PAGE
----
Returning Destiny players will have some idea of what to expect from the expansion, read: they should already know the story campaign will be short and end-game quests will require a lot of loot grinding. Still, "Rise of Iron" sports one the most coherent story campaign in the series so far - turning one of Destiny's most iconic heroes (Lord Saladin, last of the Iron Lords) into a tough mentor as well as an empathetic window into the series mythology. Like Eris (in "The Dark Below") and Cayde-6 (in "The Taken King"), Saladin spends the majority of his time in "Rise of Iron" on the sidelines, sending the player's guardian into battle, but Bungie imbues the character with nuance, personal regret, and relevant backstory to make the narrative "feel" important at a human level - in addition to standard "save the world" motivations.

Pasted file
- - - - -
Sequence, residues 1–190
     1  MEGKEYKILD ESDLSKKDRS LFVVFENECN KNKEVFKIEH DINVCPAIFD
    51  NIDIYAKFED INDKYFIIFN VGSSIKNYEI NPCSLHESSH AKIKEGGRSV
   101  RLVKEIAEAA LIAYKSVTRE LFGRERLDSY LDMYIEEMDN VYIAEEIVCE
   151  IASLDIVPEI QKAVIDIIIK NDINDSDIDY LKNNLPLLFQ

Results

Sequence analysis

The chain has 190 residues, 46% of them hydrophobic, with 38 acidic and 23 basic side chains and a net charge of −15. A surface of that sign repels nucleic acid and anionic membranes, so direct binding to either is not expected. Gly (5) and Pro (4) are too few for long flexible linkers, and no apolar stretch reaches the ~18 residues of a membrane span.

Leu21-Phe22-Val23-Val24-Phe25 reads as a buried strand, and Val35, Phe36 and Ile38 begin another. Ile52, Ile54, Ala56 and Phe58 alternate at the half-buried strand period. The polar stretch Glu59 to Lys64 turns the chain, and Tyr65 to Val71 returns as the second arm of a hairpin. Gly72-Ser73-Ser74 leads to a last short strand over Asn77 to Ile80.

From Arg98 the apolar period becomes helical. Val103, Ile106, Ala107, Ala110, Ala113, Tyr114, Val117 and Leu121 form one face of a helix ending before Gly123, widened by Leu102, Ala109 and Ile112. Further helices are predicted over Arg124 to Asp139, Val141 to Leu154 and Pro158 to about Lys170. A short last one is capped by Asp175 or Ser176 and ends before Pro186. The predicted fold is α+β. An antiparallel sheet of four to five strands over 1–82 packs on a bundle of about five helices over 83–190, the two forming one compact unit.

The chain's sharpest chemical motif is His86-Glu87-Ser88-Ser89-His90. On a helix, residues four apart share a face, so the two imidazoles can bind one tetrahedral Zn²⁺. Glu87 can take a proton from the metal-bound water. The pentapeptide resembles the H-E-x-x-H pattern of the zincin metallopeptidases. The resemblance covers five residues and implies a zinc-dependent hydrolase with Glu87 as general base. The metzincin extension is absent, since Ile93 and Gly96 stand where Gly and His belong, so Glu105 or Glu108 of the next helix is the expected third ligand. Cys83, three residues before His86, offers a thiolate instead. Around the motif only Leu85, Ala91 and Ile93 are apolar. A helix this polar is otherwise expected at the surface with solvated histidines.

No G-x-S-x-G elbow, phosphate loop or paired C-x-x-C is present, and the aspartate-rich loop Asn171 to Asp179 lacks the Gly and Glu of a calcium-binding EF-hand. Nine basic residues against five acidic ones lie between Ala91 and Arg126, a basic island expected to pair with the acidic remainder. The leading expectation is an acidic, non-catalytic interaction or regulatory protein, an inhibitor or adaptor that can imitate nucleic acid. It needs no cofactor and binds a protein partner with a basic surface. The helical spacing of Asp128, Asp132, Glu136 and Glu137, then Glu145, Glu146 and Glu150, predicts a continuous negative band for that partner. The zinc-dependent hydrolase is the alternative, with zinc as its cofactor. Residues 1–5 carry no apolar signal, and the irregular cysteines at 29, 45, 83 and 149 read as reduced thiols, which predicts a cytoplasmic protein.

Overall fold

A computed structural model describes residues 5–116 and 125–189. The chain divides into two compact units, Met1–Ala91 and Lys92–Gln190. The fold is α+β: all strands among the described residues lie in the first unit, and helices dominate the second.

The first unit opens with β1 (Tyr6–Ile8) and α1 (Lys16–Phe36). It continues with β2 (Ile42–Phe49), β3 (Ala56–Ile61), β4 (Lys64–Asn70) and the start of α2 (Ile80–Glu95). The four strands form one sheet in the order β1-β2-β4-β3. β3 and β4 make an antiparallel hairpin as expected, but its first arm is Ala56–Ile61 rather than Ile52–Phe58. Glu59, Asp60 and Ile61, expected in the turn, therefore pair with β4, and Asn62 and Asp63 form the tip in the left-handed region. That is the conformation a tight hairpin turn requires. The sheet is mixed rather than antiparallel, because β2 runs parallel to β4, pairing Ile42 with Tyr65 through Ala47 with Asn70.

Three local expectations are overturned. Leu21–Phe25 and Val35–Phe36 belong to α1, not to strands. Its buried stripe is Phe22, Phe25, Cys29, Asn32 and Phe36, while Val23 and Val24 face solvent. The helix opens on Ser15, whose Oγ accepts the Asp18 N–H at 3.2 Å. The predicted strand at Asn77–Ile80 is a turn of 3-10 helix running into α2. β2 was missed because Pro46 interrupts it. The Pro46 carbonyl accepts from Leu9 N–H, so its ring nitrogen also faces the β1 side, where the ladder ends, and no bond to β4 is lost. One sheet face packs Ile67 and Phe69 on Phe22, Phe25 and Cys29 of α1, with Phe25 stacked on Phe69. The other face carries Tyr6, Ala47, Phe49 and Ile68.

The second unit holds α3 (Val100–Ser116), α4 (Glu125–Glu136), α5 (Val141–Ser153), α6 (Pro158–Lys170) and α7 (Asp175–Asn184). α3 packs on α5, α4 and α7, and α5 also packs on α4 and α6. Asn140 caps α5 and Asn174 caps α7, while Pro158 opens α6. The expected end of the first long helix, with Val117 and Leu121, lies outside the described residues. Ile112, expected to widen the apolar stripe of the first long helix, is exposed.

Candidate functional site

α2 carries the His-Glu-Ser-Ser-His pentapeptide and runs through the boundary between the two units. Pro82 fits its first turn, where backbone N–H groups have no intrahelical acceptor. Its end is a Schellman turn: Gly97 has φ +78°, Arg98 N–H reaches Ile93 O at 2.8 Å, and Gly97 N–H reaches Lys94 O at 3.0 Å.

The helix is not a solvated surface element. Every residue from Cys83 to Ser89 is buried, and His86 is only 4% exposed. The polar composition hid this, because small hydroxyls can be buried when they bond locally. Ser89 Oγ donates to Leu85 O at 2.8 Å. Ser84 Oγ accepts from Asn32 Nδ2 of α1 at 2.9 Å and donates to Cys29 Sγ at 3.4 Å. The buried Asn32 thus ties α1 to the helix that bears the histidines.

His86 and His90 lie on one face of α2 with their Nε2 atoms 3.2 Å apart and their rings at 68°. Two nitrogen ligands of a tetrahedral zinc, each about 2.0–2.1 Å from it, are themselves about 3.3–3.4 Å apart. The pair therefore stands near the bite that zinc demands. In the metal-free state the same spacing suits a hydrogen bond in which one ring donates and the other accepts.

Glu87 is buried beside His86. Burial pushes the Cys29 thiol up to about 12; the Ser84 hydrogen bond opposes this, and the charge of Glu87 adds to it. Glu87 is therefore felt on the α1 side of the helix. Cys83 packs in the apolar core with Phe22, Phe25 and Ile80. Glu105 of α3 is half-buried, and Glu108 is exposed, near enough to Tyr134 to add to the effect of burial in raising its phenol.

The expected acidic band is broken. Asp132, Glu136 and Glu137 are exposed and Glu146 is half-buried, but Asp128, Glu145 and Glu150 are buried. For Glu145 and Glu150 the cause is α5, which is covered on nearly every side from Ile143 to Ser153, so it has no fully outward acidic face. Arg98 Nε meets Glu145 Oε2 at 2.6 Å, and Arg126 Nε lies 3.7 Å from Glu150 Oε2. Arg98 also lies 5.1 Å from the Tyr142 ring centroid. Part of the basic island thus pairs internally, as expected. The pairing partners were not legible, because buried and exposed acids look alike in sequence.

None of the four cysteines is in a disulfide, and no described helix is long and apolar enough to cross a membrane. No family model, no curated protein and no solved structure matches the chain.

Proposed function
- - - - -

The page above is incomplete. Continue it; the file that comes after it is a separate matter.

The new Wretched Eye strike (a mix of Shield Brothers and Omnigul-like gameplay) and revamped Devil's Lair (with new boss fight mechanics) will offer fun challenges throughout Year 3 when either mission lands as the weekly end-game Nightfall activity. Neither mission presents a particularly inventive story moment or major overhaul in mechanics, the goal is still to track and kill a damage-sponge boss, but longtime fans will, no doubt, enjoy the additions nonetheless - if for no other reason than they inject a bit more variety into the strike playlist rotation.